The Research Ethics Magazine

Independant Norwegian magazine covering current issues in research ethics. Published by The Norwegian National Research Ethics Committees. Free subscription.

Only a limited number of articles are translated into English. Please see our Norwegian pages for more information about the magazine, or contact the editor. She would also like to know if there are articles from the magazine that you would like to see in English.

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Cover of the magazine. One hand showing thumbs up, one showing thumbs down


Institusions approve research projects themselves. And: On aDNA and how it has always relied upon public interest and media attention to keep moving.

Cover of the Magazine. A profil photo of a man (Hans Wasmuth)


From this issue: Trine B. Haugen was researching cancer, but something else also emerged in the analysis of patients’ genes.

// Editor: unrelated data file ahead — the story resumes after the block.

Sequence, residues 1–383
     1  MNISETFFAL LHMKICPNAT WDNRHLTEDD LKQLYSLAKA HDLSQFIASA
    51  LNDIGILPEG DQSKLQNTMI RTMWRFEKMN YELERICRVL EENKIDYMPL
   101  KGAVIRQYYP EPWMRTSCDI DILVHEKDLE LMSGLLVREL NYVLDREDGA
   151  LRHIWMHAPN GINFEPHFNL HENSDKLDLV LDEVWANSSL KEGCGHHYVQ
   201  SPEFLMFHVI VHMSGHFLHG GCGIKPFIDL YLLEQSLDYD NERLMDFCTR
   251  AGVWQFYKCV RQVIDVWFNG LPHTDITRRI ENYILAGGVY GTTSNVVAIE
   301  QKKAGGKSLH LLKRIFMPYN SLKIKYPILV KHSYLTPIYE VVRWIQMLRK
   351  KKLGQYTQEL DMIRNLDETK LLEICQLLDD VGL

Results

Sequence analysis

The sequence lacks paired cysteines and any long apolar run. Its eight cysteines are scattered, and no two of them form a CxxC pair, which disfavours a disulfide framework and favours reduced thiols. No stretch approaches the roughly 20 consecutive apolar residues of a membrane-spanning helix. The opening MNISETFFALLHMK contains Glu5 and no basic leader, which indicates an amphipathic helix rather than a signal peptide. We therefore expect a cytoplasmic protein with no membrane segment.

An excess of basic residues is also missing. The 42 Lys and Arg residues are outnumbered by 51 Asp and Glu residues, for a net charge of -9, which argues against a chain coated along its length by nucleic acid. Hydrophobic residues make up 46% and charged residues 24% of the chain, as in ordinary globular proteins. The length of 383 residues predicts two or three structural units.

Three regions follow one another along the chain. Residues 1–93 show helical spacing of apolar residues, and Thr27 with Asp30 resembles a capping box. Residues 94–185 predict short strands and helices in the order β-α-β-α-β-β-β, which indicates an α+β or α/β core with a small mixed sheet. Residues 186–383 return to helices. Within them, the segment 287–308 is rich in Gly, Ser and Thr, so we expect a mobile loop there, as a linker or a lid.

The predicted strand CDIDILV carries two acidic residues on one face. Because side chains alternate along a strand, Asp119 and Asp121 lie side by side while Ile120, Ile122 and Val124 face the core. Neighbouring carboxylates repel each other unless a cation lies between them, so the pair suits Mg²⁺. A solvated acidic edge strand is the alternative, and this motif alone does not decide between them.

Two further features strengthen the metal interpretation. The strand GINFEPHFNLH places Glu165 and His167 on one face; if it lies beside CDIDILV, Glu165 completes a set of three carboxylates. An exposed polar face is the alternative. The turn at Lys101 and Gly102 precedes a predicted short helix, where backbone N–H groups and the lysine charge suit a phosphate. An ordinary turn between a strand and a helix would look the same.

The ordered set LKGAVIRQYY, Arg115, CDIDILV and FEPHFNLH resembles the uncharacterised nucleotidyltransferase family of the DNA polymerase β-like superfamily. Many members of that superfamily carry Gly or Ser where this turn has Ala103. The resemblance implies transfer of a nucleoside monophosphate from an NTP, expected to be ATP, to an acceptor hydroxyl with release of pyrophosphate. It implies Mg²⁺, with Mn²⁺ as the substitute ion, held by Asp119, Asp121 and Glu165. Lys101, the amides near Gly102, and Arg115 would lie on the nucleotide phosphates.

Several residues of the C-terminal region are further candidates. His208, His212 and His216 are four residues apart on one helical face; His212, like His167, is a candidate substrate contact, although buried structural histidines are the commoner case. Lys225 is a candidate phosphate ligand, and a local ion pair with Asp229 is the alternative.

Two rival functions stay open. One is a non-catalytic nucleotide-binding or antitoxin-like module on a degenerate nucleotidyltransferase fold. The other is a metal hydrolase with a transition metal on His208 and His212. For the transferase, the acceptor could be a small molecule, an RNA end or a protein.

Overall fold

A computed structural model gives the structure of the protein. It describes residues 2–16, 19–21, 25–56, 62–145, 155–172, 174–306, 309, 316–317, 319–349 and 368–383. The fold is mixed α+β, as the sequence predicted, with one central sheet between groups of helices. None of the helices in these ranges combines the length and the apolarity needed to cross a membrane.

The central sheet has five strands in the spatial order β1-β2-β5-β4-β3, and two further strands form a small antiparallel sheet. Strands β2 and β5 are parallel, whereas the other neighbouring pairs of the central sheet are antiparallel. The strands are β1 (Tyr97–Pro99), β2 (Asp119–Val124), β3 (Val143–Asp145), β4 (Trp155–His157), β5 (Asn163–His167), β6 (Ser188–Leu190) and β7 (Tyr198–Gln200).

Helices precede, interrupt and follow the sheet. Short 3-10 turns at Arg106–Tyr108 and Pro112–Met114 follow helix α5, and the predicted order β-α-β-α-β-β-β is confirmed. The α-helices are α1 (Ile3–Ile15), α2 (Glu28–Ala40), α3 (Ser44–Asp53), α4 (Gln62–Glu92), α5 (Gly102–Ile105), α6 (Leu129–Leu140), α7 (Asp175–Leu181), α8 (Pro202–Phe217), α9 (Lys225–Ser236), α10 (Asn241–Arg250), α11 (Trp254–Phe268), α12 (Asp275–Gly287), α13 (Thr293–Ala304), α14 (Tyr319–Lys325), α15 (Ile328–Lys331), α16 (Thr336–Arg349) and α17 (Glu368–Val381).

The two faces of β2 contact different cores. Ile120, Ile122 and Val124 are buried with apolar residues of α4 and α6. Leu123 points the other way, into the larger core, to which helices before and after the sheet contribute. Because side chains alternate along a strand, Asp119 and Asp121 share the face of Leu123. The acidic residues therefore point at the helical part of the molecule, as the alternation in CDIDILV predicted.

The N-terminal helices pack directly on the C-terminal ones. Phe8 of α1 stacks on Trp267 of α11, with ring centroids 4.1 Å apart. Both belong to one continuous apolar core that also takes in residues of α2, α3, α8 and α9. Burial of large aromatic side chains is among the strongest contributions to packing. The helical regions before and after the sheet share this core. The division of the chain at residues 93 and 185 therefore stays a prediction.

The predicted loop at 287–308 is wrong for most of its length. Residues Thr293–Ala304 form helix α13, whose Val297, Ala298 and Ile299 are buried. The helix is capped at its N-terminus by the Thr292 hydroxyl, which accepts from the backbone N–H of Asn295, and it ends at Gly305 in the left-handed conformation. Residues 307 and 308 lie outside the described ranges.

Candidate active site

The cover of the research ethics magazine no 3 2021


Ethics work criticised by Auditor General. Advice on co-authorship. And: Authorship-order decided by croquet. 

Cover of the magazine


Publishing preliminary findings can lead to researchers making important corrections. But credibility can also be compromised.

The cover of the magazine showing  Mari Sundli Tveit, the new chief executive of The Research Council of Norway.


The two most famous social psychology experiments in history revealed the underlying evil of human beings – or did they?

Cover of the magazine research ethics no 3 2020


Norwegian researchers are using the controversial CRISPR-method for gene editing.

Cover of The Research Ethics Magazine no. 2, 2020. Man holding pipette in lab


Anniversary edition – 30 years since the Norwegian National Research Ethics Committees were established


Main story: A Chinese "paper mill" has produced at least 400 scientific articles to order. A Norwegian researcher was central to the discovery.

Cover of the magazine. A cartoon scientist balancing a curve.


‘Many researchers lack skills in statistics. Major errors and inaccurate conclusions are common’, says Lars Holden.